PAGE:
thoughtbot recently hosted Boston Product Breakfast, an event where product managers can meet over food and chat about day-to-day challenges they face. We were joined by product managers from a range of companies, including HubSpot, Jibo, Kayak, Wayfair, and more.
During this event, the group discussed success (and horror!) stories regarding their experiences with building new products with their current teams versus buying or hiring consultants/contractors.
Much of the software that companies use is not what defines their business; you wouldn’t want to build a calendar and email platform because GSuite exists. The same likely goes for billing software, a real-time communication tool like Slack, a CRM, or other tools your team uses daily.
Many of our clients have, at various points in time, been caught in this trap; there’s an allure to building something from scratch to solve your particular problem. With that said, unless solving that particular problem is how you generate revenue, you’re probably better off evaluating a few existing tools and gathering feedback from the team to make a selection and buy externally.
Developing software is expensive. Solving problems that have been solved before, and on top of that having to build additional features, maintain the platform, and fix bugs on top of that, is very often not worth it.
- Is there a tool that solves 95% of what you’re trying to do out-of-the-box, and if so, is that remaining 5% necessary to give you an edge in the industry?
- Is your team equipped to support a new product long-term? If they’re managing business-critical software (e.g. billing, or real-time communication), are they able to fix issues on a moment’s notice?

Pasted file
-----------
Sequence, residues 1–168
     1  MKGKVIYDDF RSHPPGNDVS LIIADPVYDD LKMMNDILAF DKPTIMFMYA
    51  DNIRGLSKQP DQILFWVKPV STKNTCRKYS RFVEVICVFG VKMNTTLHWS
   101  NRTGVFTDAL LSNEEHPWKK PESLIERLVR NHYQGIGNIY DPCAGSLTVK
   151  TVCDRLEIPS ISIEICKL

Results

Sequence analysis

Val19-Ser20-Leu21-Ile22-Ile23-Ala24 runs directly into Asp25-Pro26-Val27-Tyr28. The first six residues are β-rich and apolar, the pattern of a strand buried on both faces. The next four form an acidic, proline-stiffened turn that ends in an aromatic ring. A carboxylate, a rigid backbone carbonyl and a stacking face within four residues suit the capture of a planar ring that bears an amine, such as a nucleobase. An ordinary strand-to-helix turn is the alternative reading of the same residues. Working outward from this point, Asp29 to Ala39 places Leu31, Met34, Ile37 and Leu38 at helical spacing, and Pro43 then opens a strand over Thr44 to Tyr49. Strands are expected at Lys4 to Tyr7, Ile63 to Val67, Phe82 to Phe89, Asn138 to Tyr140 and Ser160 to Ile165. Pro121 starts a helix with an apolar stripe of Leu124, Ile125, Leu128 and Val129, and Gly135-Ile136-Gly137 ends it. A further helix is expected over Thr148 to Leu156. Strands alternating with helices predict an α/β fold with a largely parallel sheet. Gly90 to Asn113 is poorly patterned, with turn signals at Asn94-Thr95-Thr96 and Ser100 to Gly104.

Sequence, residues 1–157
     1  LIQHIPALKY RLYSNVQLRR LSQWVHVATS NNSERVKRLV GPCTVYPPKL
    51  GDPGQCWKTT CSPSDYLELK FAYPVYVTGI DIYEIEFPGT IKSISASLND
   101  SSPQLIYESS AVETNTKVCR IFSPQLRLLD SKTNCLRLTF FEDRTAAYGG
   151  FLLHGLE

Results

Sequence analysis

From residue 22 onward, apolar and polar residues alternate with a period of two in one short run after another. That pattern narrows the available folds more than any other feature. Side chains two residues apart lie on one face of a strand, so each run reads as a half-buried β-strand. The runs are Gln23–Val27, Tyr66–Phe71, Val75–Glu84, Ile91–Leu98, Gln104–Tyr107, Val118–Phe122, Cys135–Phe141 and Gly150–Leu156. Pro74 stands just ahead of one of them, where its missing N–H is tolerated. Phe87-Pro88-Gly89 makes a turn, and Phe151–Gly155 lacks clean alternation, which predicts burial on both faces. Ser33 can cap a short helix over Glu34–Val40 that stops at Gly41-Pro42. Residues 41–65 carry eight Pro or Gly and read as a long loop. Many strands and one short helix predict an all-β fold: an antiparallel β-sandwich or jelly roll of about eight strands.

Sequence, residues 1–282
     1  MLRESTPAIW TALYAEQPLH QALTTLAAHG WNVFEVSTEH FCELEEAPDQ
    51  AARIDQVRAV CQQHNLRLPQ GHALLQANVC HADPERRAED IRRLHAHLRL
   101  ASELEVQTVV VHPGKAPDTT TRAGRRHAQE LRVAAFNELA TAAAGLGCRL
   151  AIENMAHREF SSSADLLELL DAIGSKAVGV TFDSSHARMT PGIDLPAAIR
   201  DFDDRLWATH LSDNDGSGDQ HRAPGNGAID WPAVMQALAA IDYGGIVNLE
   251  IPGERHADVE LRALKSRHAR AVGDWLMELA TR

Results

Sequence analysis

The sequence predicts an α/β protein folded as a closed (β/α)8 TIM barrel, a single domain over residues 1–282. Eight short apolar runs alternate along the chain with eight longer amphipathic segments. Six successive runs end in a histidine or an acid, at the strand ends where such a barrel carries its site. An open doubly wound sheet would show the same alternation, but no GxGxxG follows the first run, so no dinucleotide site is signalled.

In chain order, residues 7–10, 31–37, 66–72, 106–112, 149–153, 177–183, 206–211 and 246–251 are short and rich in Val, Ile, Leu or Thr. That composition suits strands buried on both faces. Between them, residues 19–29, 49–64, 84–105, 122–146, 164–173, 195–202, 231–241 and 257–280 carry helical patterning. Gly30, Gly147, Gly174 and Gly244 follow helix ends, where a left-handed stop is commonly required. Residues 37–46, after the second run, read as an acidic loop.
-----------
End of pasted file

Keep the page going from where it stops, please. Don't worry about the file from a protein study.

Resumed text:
If your team is focusing on an existing suite of products that do generate revenue, their availability may be a limiting factor in exploring new opportunities. We’ve worked with a number of clients who need to support existing products but have an idea they’re looking to validate and execute quickly. When this happens, hiring outside consultants may make sense.
The same holds true when a team has availability but lacks industry experience with a new approach; this might include making the shift from a web-based product to native iOS and Android apps, moving towards a research-focused product design lifecycle, or transitioning from a Ruby backend for processing millions of data points to a reliable processing pipeline built with Scala and Akka.
- Is your team able to absorb the cost of learning new technologies at the expense of feature development on other products?
- Are you willing to pause on potential products if your team isn’t available?
For each approach to introducing new software, it almost always boils down to cost, either to develop and maintain, or the opportunity cost when reallocating a team to a new venture. When expanding on a core product with your existing team and following a normal process, there’s no need to buy (because it’s likely nothing exists that solves the problem the way your business does) or hire consultants (because your team has the bandwidth and capabilities).